Read More

PS AUDIO: Tailoring the sound

Paul McGowan … TAS reviewer Michael Fremer has an extraordinary music system—the best vinyl setup I’ve ever heard. And it makes sense that he does. Mike’s spent a lifetime learning about vinyl audio reproduction and hand selected the best equipment in the world. His digital setup played through that same setup doesn’t quite match my […]

Read More

PS AUDIO: Image size

Paul McGowan … All stereo systems produce a sonic image—some better than others. But, regardless of the image quality, there’s one thing we can say they have in common: a size to that image. If you turn the level of the stereo down to a whisper there’s a tiny image trapped between the speakers. Crank […]

Read More

PS AUDIO: Why flat?

When we look at the specs for a piece of audio equipment we want to make sure it doesn’t emphasize or reduce one frequency area over another.  We routinely see flatness specs that are within 1/10th of a dB from below where we can hear to way above where we hear.  These specs make us […]

Read More

PS AUDIO: Class is now in session

Paul McGowan … Sorry about the headline, just couldn’t resist.  We are going to start delving into the working of Class D amps, also incorrectly known as “digital amps” and correctly labeled PWM amps – short for Pulse Width Modulation. As is our custom we’ll start with an overview and then get into details. It’s […]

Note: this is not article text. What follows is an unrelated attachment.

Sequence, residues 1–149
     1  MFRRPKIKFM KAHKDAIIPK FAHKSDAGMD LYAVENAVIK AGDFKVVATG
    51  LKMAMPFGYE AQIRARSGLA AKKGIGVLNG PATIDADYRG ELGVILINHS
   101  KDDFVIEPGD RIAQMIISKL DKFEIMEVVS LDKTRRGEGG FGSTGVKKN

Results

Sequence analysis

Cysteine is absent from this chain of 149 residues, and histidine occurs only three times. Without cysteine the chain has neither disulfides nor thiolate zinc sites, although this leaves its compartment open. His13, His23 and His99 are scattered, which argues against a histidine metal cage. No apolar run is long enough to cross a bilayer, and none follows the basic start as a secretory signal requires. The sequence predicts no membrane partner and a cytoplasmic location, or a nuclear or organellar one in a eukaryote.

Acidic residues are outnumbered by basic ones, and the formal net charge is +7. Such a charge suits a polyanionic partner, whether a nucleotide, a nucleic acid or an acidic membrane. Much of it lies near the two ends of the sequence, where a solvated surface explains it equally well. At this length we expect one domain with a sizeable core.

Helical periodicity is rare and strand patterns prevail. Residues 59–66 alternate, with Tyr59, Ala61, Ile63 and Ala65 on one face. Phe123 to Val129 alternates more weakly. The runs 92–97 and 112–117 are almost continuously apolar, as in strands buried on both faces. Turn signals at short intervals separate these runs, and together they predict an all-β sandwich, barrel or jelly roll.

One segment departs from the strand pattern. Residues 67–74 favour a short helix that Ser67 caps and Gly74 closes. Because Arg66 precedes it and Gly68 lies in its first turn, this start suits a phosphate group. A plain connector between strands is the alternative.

Read More

PS AUDIO: Surround ambience

Paul McGowan …. My friend, Sandy, is having good success adding a layer of ambience with a rear-positioned second set of speakers fed from an old Audio Research SDP1. You can read the late J. Gordon Holt’s evaluation of it here. Essentially, the device extracts the difference between the left and right channels, adds a bit […]

Read More

PS AUDIO: Global feedback

When we speak of global feedback we’re referring to the practice of wrapping the output signal of a device back to its input for comparison and correction. Because the input “knows” what’s right, a simple comparison circuit between the two serves to rectify any differences. Of course, nothing in engineering is a free lunch. You […]

Read More

PS AUDIO: Intermodulation

When we think about distortion products we are generally referring to the harmonic kind. Harmonics are naturally occurring byproducts of sound: a plucked string will generate the intended frequency (called the first harmonic) and then higher versions of that note, each slightly less loud than its predecessor. These higher frequencies are all integers (whole numbers) […]

Read More

PS AUDIO: Ignorance and confidence

When we set our sights far in the future the world looks nice and rosy. Imagine that new pair of speakers gracing your living room, the new amplifier, the rebuilt room. According to Mark Twain imagining the future takes a combination of things. “Kindness is the language which the deaf can hear and the blind […]

Read More

PS AUDIO: High voltage and linearity

In a recent post we covered the fundamental differences between tubes and transistors and one of those we’re interested in is linearity. Tubes and transistors are only partially linear devices – which means they will not always faithfully reproduce a larger version of the input signal on their outputs. In our example yesterday we placed […]

Read More